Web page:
Being one of the city’s most crowded and chaotic areas the sights, smells, and sounds fill you up with a sensory overload. The lively bazaars, ancient shrines,  monuments, tombs and forts, bustling bazaars, centuries-old heritage sites, and winding back alleys make you forget about the chaos , the dusty lanes and the innumerable people around to relive the rich history and the lost glory of the Mughal era.

old delhi

jama

UNESCO World Heritage the Jama Masjid-the largest mosque in India and one of Asia’s largest ,houses sacred relics of the Prophet Mohammad and an ancient transcript of the Quran. Built in a Mughal style of architecture with its Islamic, Indian and Persian influences, the mosque is known as “ Masjid e Jahan Numa”, meaning “a mosque that commands a view of the world.

Red-Fort

One of the most unexplored monuments of Delhi, spread Across 256 Acres Of land, The Red Fort, an icon in India’s struggle for freedom, has two primary entrances – Delhi Gate and Lahore Gate. Red Fort used to house the legendary Kohinoor Diamond in the Diwan-i-Khas.

 

meena bazaar

The fort’s entrance through Lahore Gate opens out onto Chhatta Chowk, aka Meena Bazaar once the shopping centre for the ladies of Mughals, has a long arched passageway that used to house the most exclusive royal tailors and merchants. It’s now a market area with many shops selling souvenirs and handcrafts.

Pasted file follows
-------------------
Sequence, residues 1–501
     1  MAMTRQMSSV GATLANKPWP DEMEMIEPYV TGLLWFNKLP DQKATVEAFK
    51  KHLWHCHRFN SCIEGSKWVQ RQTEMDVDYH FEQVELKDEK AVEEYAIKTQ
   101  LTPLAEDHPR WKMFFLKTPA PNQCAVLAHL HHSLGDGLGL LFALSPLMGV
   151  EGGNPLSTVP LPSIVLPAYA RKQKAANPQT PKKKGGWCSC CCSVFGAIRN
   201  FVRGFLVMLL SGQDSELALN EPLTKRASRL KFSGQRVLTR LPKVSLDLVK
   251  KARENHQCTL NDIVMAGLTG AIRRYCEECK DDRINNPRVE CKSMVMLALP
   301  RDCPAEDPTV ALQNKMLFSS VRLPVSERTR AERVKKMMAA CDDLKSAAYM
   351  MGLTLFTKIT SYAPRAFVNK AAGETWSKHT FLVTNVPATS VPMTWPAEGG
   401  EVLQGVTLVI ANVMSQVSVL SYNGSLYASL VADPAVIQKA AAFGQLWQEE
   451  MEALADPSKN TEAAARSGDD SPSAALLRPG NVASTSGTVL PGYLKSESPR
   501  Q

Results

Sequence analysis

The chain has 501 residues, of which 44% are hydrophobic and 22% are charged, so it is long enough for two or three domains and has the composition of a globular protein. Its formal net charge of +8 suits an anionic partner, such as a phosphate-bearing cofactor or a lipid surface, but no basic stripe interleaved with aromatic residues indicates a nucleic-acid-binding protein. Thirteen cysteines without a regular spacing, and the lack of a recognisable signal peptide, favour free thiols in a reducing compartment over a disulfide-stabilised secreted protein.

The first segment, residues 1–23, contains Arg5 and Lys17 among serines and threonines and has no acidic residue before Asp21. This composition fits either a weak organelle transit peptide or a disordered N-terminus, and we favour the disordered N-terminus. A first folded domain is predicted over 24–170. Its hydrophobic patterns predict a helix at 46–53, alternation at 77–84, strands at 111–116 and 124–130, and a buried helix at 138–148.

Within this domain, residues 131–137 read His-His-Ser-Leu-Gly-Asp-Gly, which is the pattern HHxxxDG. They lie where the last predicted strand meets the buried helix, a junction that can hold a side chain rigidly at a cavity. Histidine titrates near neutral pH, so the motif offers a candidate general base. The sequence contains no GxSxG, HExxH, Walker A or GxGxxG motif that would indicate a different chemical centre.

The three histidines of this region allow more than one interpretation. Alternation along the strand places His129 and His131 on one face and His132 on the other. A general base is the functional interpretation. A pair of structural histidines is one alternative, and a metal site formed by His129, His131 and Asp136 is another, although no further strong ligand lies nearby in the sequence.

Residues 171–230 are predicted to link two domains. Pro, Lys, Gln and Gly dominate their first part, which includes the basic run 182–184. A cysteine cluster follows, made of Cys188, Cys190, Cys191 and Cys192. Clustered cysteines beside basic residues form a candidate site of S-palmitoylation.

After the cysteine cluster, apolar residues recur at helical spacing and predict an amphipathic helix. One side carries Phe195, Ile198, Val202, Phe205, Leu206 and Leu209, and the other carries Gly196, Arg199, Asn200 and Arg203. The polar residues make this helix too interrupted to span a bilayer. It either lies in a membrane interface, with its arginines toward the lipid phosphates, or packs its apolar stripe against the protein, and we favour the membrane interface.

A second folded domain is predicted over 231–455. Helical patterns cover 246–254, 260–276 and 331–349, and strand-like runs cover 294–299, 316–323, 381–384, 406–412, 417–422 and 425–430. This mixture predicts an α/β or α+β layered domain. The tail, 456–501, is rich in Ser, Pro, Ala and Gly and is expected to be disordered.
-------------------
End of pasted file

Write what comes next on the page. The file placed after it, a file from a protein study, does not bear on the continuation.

gauri

Gauri Shankar Temple built in honor of Lord Shiva, has a lingam believed to be around 800 years old, as well as statues of Shiva, Parvati (Shiva’s wife), and their sons, Ganesh and Kartik.

 

digamber-jain

Digambar Jain Temple-The focal devotional room (first floor) has images and statues of revered Jain figures such as Lord Mahavira and Lord Parasnath. There’s a bird hospital on the temple compound.

 

sisganj

Sisganj Gurdwara, a Sikh temple built at the place where, in 1675, the Mughals killed Tegh Bahadur, the ninth Sikh Guru.

Cycle-rickshaws

chandani-chowk

Old Delhi’s main strip, Chandni Chowk-is in fact the heart of Old Delhi. It’s said that Chandni Chowk, meaning Moonlight Square, got its evocative name from the moon’s reflection in a large pond of water. Apparently, the pond existed in the square in front of the present-day Town Hall but the British built a clock tower over it (the clock tower collapsed in 1951). Gradually, the whole street and adjoining area became known as Chandni Chowk.

 

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Khari Baoli, is home to the largest wholesale spice market in Asia. Spices connected India to the West, and the market at Khari Baoli Road has been in business since the 17th century. You’ll get to see huge sacks of spices being transported and sold.

 

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Naugarha– In Hindi, naughara means nine houses and gali is alley. Naughara Gali is an alley where nine colorful Jain havelis were built in the 18th century. This little hamlet is complete with an exquisitely carved white marble Jain temple at the end of the lane. Its interiors have some magnificent murals and paintings.

 

kinari